Studio Art 5

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Art Dolls

After searching for several years for ways to meld my studio work and my digital art work, in the year 2005 I began to find just the vehicles I need to accomplish the task. Art dolls and art paper dolls provide the necessary opportunities for wide open creativity in which I can utilize my studio skills as well as my computer art skills.

Art dolls are unique. They are not traditional baby dolls, fashion dolls nor necessarily beautiful exhibition and collectors' dolls. An art doll does not even have to have a human shape. They are not judged as more traditional dolls have been judged, although they require good craftsmanship and the use of the principles and elements of design just as a good painting does. The primary characteristic on which art dolls are judged is whether they evoke an emotional response in the viewer. Does the doll make you smile? Does it make you wonder? Does it make you feel sad? Does it make you uncomfortable? Does it cause you to ask a question? Do you love it or hate it on sight? Does it delight you for some reason? If so, it is an art doll!  The doll's purpose may be to elicit a response in the viewer, or it may be made just to express an idea, emotion or thought or whim of its creator. Similarly, art paper dolls are nothing like the traditional paper dolls one may be familiar with from childhood. They can be flat, three dimensional, rigid, have limbs that will move, have twigs added, or beads, or thread. but they should be made primarily of paper products such as paper clay, found paper, foil, fibers, even cloth can sometimes be added. Again, the principles and elements of design come into play and the opportunity for creativity is wide open. You can see some of my three dimensional art paper dolls on collages here. On the present gallery page I am displaying some of my art dolls and one art paper doll. Generally, I confine myself to art dolls made of fabric.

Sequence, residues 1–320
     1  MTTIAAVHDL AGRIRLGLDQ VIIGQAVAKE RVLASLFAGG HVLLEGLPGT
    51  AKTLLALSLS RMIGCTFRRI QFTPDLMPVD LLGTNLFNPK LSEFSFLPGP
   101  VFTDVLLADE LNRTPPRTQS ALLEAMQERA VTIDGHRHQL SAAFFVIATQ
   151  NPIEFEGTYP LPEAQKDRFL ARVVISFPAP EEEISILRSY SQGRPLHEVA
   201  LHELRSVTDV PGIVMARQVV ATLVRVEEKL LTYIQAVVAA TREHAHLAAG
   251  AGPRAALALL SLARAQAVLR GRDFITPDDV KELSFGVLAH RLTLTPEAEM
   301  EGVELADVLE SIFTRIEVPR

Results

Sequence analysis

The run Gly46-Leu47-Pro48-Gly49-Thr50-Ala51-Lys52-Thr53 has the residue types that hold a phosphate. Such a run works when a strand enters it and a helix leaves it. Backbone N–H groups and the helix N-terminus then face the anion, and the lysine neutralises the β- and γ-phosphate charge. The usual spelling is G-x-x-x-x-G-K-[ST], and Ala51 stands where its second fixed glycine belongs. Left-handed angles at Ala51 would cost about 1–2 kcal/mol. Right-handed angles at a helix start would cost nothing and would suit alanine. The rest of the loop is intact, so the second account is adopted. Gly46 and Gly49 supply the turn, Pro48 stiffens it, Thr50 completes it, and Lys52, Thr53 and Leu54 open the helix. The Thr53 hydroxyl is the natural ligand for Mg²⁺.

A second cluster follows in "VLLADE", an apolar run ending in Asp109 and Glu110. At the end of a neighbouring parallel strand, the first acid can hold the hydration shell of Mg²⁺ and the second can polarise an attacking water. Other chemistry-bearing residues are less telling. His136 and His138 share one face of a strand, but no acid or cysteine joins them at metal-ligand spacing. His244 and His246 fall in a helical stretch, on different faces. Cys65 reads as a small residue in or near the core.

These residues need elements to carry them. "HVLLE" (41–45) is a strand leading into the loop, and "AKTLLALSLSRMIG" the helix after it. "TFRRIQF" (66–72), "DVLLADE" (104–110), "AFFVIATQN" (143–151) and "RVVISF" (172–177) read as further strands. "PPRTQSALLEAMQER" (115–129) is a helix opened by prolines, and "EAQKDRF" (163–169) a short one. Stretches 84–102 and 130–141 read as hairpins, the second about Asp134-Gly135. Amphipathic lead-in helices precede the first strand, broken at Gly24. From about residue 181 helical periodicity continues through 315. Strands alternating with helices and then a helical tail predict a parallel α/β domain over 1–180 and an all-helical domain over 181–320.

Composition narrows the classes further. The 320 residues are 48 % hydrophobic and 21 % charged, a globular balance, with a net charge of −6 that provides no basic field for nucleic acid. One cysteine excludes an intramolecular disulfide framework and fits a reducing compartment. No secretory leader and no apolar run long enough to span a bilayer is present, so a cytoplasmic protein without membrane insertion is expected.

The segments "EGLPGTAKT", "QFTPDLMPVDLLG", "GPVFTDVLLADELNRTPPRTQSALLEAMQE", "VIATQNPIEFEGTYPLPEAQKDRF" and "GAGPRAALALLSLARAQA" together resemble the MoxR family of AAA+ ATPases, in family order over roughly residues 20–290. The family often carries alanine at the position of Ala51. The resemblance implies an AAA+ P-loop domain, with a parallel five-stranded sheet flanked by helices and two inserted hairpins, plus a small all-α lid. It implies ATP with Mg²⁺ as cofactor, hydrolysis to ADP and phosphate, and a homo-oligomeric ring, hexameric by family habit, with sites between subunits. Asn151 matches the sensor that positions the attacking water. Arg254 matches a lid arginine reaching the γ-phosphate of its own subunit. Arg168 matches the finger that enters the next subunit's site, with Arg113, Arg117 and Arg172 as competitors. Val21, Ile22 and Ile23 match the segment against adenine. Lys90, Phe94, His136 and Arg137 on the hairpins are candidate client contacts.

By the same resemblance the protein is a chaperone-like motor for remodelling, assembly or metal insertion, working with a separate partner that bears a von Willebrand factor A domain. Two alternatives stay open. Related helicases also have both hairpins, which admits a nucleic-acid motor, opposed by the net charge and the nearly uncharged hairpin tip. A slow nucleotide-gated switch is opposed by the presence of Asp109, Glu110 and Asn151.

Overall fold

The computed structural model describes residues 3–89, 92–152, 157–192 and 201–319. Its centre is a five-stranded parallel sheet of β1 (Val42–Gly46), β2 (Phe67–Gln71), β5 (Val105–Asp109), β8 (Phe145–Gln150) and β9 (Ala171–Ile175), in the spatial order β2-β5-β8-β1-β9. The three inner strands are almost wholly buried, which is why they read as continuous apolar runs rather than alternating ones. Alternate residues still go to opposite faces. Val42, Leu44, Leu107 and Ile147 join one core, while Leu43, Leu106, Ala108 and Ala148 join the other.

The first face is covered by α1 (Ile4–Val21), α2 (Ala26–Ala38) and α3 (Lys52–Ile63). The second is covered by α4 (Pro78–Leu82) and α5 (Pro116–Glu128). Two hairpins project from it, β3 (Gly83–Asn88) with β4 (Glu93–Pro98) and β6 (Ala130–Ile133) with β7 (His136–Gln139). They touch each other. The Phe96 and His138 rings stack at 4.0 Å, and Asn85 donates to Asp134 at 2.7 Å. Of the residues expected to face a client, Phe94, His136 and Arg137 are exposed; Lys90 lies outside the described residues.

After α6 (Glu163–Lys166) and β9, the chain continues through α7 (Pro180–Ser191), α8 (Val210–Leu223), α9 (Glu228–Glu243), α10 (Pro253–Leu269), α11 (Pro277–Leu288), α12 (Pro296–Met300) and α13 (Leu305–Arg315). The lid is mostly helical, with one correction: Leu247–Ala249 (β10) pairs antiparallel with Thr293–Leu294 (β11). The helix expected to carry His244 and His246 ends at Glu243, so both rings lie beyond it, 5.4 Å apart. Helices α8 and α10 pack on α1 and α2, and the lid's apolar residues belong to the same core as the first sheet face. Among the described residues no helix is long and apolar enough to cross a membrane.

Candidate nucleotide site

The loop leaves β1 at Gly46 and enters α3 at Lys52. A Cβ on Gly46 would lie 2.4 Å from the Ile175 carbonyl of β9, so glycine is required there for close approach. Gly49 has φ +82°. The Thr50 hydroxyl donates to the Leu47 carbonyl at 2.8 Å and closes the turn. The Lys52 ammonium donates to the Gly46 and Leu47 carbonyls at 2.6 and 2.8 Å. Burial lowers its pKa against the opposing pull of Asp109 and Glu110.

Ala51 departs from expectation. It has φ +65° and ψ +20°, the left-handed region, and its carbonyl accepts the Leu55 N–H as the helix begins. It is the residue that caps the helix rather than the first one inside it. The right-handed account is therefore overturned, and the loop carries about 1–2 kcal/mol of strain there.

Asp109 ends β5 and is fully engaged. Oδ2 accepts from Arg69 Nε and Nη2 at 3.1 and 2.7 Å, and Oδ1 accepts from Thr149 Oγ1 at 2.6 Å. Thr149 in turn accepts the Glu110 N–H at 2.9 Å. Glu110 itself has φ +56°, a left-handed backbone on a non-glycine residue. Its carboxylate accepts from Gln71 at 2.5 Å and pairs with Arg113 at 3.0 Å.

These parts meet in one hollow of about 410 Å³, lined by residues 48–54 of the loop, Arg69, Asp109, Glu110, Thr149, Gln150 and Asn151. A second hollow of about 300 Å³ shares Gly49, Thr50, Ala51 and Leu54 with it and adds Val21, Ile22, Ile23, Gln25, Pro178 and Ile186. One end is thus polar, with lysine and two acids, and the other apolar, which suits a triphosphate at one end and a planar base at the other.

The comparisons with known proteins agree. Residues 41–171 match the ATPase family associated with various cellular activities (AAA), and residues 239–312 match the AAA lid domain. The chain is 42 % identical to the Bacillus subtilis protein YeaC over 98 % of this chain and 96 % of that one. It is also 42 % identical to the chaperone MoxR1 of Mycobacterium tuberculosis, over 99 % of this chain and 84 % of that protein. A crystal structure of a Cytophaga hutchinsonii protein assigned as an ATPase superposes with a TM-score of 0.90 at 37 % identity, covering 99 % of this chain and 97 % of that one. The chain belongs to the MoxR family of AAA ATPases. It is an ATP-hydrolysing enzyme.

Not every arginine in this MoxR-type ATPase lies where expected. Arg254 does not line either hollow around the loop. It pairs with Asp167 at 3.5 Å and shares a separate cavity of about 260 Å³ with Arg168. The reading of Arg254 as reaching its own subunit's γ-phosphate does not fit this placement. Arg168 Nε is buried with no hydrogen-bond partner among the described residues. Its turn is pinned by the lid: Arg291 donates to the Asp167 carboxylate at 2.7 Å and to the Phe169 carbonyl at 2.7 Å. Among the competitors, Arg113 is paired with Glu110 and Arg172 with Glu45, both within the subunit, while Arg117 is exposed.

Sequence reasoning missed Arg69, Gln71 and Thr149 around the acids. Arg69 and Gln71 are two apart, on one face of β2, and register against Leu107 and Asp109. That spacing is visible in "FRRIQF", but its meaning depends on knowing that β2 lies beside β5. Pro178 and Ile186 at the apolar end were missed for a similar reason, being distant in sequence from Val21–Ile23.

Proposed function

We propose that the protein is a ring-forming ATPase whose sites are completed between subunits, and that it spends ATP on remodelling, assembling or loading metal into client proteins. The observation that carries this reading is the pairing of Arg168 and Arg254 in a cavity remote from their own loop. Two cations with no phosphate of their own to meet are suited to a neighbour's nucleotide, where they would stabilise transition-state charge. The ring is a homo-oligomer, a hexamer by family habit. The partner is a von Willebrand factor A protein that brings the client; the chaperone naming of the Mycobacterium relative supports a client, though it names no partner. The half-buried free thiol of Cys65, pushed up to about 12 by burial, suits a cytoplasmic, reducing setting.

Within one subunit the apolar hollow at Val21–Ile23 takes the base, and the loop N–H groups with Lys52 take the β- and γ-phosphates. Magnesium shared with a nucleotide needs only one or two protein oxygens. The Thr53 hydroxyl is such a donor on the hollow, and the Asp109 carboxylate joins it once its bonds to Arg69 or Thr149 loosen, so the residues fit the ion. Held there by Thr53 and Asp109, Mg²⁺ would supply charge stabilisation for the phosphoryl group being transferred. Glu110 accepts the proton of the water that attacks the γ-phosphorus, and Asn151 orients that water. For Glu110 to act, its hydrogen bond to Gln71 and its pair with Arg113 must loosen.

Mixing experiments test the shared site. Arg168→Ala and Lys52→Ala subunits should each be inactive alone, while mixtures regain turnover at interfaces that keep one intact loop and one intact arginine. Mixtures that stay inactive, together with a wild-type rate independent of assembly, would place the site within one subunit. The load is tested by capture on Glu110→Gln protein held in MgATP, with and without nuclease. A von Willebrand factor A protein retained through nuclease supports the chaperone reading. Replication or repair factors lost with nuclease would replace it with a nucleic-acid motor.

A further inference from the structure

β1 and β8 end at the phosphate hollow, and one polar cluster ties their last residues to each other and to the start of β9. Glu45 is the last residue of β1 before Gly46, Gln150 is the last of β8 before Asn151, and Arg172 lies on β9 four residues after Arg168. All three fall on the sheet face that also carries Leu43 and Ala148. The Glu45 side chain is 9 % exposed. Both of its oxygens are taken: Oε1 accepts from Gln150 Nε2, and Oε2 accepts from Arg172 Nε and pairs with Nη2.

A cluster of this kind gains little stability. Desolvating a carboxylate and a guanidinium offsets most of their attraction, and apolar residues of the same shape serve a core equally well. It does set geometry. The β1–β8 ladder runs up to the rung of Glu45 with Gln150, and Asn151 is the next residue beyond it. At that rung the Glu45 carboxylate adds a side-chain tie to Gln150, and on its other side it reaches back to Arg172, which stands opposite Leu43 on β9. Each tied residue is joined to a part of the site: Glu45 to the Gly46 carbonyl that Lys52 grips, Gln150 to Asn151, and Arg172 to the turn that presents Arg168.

I design the dolls by sketching on the computer in Painter. I often draw the pattern for the doll in Painter and print it on paper to use in cutting out the fabric for the doll's body. Sometimes I use Painter to paint a face "from scratch" using a photographic reference or I modify an ancestor's face from an old photograph using Painter's many techniques. I print these on specially prepared fabric and adhere them to the doll's head. Another way I use the computer in making my dolls is to select a fractal that I have created, bring it into Painter and size it, add embellishments (such as a poem) and print it to fabric to make a one-of-a kind fabric from which I make the bodies of my line of fracTalisman dolls. Sometimes the dolls are stitched by hand, the beading designs if used are derived in the studio and are sewed on by hand. Almost anything can be used as embellishment, even printing pictures on fabric and adding the images to the doll's body. I hope you enjoy these dolls and that they inspire you to think of new ways to combine your digital and studio art.

Click on the thumbnails to see a larger image.